She came to me last night in a dream. We were walking in Vermont, passing the circular tables & wooden chairs of Otter Creek Bakery. But the landscape was off. The bluegrass of the rural town had met the urban landscape of my childhood. Rolling fields and mom & pop shops mixed in with metal street lights and the Hudson. After I moved, she never visited me so she wouldn’t know the difference. The main reason why she hasn’t visited is bus tickets are $60 one way, but she also hasn’t visited because I haven’t invited her. 

“I want things to be different,” I tell her. We’re drifting along the sidewalk next to the glittering green plains. “I want you to be different.”

“What’s wrong?” she asks. A wooden bench materializes that would fit in nicely along the Coney Island boardwalk and she pulls me over. It reminds me that we haven’t been to the beach since I was a kid, or done really anything together for more than a couple of hours. She pats my shoulder like the mother she could’ve been. The mother she is “on good days,” when her disorder was more a gentle ripple than the crashing waves it usually is.

“I miss you,” I tell her. 

My teenhood was all about escaping my childhood home, running and running until I found somewhere that felt safe to stop. Now, I’m in my early twenties and I’m free from her — the cloudy Klonopin tirades, the crying at the door, the threats of calling the cops, the escaping to friends’ houses for weekends or longer. I am 21 and never have to live with my mother ever again. I spent my whole life escaping her only to find that I miss her. That she shows up in my dreams.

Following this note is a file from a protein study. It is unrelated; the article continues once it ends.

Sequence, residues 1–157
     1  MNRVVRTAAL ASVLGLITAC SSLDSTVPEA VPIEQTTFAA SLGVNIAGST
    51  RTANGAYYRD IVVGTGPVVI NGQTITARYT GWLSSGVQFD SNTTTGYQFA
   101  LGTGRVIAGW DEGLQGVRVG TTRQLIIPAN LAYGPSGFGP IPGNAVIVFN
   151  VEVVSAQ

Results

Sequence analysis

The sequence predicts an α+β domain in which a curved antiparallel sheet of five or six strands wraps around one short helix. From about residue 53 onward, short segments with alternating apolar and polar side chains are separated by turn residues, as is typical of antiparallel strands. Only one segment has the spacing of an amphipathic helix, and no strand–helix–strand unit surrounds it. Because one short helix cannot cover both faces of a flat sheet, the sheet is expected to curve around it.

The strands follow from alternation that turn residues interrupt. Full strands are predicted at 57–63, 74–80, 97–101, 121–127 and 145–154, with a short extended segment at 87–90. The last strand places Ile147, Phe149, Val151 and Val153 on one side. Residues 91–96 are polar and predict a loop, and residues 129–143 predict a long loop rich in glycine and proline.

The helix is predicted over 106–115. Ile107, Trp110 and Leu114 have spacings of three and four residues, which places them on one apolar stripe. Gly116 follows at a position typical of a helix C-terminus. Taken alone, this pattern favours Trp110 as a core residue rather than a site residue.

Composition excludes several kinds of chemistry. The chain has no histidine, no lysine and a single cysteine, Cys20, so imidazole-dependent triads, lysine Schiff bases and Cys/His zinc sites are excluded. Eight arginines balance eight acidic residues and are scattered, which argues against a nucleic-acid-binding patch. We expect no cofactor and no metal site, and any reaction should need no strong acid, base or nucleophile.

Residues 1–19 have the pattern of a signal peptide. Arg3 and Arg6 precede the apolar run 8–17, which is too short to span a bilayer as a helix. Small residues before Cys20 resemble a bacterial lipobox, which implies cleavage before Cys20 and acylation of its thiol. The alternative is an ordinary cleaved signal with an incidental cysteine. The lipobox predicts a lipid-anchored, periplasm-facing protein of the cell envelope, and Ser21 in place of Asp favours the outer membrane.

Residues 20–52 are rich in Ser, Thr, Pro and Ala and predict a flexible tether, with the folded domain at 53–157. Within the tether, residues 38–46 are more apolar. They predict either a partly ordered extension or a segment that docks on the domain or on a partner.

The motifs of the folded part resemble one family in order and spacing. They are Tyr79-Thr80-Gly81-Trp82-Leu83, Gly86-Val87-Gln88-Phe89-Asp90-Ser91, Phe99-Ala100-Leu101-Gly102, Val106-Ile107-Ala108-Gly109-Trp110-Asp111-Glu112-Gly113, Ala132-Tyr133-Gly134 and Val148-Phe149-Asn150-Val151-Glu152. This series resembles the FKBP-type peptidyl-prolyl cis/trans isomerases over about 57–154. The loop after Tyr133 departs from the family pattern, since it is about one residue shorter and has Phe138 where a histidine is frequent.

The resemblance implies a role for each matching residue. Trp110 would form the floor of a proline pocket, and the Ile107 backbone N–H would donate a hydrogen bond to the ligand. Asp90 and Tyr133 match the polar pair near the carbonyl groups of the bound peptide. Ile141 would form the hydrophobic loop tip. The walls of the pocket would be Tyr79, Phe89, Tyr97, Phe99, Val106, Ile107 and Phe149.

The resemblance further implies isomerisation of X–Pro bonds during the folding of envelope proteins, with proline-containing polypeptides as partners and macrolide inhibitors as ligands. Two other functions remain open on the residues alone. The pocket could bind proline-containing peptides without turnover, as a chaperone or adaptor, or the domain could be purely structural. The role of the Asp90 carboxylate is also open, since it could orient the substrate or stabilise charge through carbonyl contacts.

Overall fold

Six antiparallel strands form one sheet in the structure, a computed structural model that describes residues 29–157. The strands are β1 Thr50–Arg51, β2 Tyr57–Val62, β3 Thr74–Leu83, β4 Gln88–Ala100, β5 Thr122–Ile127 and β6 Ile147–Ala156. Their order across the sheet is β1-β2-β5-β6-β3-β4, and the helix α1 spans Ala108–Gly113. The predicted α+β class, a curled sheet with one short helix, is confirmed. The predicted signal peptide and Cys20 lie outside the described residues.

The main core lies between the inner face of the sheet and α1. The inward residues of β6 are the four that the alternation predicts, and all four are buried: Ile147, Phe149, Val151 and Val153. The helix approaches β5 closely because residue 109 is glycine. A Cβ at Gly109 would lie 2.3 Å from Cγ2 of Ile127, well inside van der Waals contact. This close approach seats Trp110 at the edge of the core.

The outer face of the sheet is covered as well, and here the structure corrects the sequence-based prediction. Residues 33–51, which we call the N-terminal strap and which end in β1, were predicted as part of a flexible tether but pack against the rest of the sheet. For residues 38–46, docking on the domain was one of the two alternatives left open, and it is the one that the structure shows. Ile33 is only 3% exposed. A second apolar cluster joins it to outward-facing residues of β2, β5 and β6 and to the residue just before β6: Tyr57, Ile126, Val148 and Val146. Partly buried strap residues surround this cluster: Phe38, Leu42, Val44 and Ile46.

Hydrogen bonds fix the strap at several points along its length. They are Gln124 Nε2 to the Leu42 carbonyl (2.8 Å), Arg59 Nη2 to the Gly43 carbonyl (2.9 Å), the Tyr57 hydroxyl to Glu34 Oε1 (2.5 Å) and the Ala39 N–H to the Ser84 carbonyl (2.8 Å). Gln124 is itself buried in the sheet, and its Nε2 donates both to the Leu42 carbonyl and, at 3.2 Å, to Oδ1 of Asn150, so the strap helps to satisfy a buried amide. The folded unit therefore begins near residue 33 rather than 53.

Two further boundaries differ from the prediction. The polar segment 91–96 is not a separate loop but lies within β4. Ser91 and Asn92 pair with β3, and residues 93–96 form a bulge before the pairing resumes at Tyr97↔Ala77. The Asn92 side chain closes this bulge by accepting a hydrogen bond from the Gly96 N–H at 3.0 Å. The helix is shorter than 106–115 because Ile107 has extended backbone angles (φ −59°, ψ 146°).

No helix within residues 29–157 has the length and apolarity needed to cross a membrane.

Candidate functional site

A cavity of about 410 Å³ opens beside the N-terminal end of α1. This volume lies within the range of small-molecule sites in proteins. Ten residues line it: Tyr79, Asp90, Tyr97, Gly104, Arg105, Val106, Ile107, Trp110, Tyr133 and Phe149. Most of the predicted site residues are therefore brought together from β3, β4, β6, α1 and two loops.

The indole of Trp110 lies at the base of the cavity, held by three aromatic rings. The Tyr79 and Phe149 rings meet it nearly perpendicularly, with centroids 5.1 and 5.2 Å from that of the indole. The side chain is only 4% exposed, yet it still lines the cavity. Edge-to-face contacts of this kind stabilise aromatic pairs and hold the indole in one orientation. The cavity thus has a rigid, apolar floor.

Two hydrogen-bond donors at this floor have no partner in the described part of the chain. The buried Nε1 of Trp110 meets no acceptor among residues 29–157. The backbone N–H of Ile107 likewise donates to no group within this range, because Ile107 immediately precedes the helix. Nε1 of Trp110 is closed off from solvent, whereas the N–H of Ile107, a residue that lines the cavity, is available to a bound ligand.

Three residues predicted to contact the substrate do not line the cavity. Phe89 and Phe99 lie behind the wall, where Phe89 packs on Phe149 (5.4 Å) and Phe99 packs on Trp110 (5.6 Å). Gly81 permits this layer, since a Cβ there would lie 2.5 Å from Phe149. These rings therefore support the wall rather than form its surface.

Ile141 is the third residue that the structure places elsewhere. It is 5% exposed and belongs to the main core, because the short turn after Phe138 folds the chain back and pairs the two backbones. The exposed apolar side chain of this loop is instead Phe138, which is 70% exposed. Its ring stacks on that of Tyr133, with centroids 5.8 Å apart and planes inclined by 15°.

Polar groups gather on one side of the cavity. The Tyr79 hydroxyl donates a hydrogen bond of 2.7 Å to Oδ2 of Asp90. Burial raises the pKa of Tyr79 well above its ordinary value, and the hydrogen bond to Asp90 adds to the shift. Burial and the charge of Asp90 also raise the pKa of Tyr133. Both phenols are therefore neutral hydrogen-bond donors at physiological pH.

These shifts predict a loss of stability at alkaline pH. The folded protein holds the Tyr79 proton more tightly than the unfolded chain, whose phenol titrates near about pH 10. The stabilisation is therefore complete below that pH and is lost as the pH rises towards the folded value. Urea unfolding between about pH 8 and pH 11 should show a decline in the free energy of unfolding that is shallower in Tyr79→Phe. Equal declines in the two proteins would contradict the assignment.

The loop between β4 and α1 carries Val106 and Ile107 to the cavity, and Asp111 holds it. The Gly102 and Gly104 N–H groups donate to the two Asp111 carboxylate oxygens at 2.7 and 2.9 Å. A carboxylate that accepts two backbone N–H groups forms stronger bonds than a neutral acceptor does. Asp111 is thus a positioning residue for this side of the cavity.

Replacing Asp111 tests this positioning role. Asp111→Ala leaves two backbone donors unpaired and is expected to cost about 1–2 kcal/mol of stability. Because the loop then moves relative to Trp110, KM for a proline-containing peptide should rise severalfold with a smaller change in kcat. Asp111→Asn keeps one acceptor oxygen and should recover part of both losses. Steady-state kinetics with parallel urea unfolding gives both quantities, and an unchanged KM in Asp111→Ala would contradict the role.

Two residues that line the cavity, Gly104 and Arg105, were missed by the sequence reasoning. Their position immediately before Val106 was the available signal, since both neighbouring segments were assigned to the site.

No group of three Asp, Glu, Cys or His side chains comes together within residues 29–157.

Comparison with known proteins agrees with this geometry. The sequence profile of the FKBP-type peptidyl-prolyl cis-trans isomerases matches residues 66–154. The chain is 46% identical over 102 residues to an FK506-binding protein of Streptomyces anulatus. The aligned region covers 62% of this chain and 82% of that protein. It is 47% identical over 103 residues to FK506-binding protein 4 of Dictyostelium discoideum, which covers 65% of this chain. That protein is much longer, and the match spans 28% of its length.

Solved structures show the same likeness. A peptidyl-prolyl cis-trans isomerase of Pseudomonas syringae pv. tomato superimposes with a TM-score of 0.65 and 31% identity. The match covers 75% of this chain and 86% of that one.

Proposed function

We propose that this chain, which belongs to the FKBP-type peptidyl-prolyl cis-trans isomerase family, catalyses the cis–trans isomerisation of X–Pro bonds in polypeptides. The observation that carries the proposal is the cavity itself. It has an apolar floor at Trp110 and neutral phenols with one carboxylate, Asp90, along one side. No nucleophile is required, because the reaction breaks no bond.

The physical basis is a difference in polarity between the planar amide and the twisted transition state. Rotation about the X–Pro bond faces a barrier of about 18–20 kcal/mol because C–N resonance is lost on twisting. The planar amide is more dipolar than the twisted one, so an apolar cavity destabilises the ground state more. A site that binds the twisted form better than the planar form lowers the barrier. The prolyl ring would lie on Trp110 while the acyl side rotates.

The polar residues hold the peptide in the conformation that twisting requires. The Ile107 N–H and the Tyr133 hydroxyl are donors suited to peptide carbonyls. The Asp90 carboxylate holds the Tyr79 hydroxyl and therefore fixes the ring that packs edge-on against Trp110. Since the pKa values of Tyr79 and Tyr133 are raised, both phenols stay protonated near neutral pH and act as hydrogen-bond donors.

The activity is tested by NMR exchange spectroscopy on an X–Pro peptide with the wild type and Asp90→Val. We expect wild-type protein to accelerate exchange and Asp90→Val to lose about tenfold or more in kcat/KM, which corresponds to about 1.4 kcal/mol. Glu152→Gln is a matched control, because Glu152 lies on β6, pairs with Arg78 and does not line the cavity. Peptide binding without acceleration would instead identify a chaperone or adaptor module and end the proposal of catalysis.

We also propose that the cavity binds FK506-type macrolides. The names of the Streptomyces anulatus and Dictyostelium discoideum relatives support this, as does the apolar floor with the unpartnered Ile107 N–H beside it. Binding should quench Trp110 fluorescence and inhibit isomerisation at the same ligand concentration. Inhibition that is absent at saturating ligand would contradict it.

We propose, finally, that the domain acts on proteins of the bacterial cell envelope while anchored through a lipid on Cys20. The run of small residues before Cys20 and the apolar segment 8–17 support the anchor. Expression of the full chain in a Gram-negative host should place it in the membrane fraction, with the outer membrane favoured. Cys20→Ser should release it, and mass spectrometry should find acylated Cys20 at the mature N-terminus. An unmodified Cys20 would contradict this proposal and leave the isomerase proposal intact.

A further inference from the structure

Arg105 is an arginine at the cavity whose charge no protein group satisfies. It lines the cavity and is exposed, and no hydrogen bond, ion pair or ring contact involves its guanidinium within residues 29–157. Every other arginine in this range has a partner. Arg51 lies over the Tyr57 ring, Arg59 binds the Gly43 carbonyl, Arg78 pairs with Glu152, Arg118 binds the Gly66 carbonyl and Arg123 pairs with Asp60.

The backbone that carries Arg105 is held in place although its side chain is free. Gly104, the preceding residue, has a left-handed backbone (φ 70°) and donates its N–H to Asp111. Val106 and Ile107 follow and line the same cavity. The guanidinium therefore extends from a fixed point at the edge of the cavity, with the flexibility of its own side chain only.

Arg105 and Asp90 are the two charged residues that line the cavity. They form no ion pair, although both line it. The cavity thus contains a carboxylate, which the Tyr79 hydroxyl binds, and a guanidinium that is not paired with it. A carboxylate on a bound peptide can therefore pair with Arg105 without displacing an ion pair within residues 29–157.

“I need you to change,” I tell her. “I need you to change so you can be part of my life.” 

Do you know what it’s like to ask for something you know you’re never going to get? Last night on the phone, a friend and I were talking about death, specifically the eventual death of our parents.

“I don’t want to spend my whole life in another country away from them,” he says. He has a lovely family, but such is his plague: international, torn between creating a life somewhere with more freedom or making the most of the life and limitations he has at home in Turkey. I feel for him. 

I wonder what he thinks of me: mom not only in the same country, but the same state and I want as little to do with her as possible. My mom and I talk every Friday for an hour and usually I’m so drained afterwards that I just lie down and stare at my ceiling. I wonder, what does he think of me? Would my situation be any different if my mom was 5,000 miles away? What would he think if he had a mom like mine? 

On her good days, my mom is bright & beautiful, beating these Brooklyn streets with her dark wavy bob and macabre wit. On her bad days, of which there are many, she makes me question whether it was better to have been born. If I ask her to change in real life — and I have — there will be one perfect week before it all comes crumbling down again. Do you know what it’s like to hope for something only to have it fail you every time? 

 This is the reality of my family that I carry on my back. Some days it’s so heavy on my chest I can’t get up and on other days I can barely remember its weight. I’m just waiting for the day when I can put my baggage down and walk away. Whether that’s with her or without her. 

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